Alleged homeless man released after altercation with downtown building employee

Working in downtown Austin, Vaughn building parking attendant Jared Carter says he is constantly plagued by troubling interactions with members of the city’s homeless community. 

“Doesn’t go a week where I'm not contacting [the Austin Police Department] about a situation with our transient, or our homeless community, so -- and it’s becoming a growing problem.” he said. 

On Wednesday, things turned violent when Carter asked an alleged homeless man to leave the Vaughn building property. He believes the man was smoking an illegal substance in front of the building. 

He says the man became “irate,” threatening to kill him, and threw water in his face. Carter called 911 twice, and he says the second call prompted the man to attempt to punch him in the face. 

“He had made slight contact with the side of me,” Carter said. “But I was able to move out of the way and defend myself accordingly. And I wasn’t gonna stop until he was subdued.” 

Police arrived, but the man was not arrested. On Friday, he remained on the same street.

“It definitely puts me on edge that man’s a block away.” said Carter. 

On Friday, Austin Police Chief Brian Manley was asked why the homeless man was not arrested after he was caught on camera being aggressive -- the first to throw a punch. 

“I don’t believe that the officer on scene was aware that the video existed,” Manley said. “Because with that video, if it didn’t occur in the officer's presence, that might have been something we could have used to substantiate an on-scene arrest.”

Carter says in the heat of the moment he didn’t think to go looking for surveillance video, and police did not ask for it.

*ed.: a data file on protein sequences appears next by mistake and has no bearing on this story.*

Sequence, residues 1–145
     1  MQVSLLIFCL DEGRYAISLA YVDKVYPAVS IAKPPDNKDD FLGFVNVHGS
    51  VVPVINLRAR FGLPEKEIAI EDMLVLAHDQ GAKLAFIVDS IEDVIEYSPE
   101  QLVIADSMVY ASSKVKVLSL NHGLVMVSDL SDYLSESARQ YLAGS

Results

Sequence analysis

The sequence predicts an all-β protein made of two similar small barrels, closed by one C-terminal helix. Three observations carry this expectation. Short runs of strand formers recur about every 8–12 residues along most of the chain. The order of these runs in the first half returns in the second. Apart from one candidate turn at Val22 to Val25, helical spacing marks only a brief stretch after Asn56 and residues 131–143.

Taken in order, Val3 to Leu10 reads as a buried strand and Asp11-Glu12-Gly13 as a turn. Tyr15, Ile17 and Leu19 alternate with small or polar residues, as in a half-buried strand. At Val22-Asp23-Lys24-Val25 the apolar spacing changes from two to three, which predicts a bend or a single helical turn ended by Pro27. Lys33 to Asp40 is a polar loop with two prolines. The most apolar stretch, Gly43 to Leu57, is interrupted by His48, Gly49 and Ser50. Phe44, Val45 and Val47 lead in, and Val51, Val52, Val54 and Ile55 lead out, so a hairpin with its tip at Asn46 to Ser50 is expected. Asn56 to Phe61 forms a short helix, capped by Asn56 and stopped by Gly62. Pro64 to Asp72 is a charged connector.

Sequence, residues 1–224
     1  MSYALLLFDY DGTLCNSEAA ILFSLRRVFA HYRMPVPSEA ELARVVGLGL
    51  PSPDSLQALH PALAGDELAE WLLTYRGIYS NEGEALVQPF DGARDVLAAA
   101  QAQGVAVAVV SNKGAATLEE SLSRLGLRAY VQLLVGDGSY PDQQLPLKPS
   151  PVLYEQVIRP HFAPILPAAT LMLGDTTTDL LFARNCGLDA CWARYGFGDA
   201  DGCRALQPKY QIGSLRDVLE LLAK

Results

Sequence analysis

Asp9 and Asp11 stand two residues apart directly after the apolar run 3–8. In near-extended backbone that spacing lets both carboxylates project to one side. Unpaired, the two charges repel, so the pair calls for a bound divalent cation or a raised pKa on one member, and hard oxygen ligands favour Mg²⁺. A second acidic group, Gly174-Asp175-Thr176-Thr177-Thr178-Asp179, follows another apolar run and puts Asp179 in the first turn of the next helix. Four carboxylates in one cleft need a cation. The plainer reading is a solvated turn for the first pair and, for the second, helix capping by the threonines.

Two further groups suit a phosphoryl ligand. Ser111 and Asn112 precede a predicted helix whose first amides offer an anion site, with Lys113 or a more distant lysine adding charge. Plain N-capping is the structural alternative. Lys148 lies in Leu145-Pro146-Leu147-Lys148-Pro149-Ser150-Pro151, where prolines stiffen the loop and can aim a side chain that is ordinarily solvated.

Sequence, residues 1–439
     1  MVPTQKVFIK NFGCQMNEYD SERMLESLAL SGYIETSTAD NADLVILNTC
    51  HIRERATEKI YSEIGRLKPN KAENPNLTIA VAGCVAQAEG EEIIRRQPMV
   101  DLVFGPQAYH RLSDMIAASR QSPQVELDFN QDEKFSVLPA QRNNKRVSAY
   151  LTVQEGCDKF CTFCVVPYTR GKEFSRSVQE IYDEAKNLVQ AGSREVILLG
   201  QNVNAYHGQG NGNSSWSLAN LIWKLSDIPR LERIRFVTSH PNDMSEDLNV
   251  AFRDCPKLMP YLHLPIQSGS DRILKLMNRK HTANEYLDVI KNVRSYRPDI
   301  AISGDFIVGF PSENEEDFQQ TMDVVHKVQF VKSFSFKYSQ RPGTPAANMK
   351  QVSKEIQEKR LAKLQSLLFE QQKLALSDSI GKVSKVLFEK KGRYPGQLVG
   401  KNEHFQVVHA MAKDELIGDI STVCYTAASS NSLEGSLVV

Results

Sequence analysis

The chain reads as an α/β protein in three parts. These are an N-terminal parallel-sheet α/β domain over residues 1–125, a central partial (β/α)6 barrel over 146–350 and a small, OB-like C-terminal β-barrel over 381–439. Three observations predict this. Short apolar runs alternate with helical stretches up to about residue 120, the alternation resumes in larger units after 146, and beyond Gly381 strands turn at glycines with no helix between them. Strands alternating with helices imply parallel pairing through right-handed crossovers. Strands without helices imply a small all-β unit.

“This is something that we’re going to put out to our officers as a training bulletin as well," Manley said.  In these instances make sure to see if there’s any video, or any surveillance cameras that might have captured the incident."

Manley says witness testimony could have also been used to make an arrest. Carter says three witnesses came forward and two were interviewed.  

“In my personal opinion, I think the homeless have been given kind of a free pass to do what they want.” Carter said. 

Ken Casaday, president of the Austin Police Association, says it would be very unlikely with a case C assault, which this would have been because Carter wasn’t injured, for an officer to pull video. 

He says even with witness testimony, it wouldn’t be unlikely for an officer to opt out of making an arrest.  

“That’s a very common thing on Sixth Street especially on Friday nights, you tell people that there’s so many of those, that you would be caught up all night handling different cases …” Casaday explained. 

He says even if someone is arrested for a class C assault, they typically only wind up in jail few hours. 

“You see many officers out here when they show up to the scene of a homeless call, and they’re pretty nonchalant about the situation because it’s a repeat offender," Carter said. 

Since the incident Wednesday, Carter has called 911 to report the same man for criminally trespassing at the building. He says the man was not arrested, because he wasn’t on scene when officers showed up. 

“If they’ve left the scene, and they’re two blocks away there’s nothing we can do about it…” Casaday explained. 

Casaday says even if the man was arrested for criminal trespassing, he would likely be back on the street in 24 hours. 

“Unfortunately, there’s absolutely nothing the police can do about that,” Casaday said when asked about what civilians and police can do to deal with someone who is a constant nuisance.  

“Now, if they become a danger to themselves or others, a person can be committed to a mental institution or to the hospital. But, unless they are causing injury, or a threat to others, there’s absolutely nothing the police could do in that situation.”

When asked to define “danger”, he said he couldn’t. 

“I know what I personally think that is but another police officer may disagree with me,” Casaday said. “That’s the way they’ve written these ordinances, and that’s what I’m talking about with the vagueness it leaves everything up for question.”

The ordinances Casaday is referring to are those pertaining to homelessness, recently changed by city council. 

“City council needs to be held accountable for what’s going on, on the streets of the city of Austin.” Carter stated.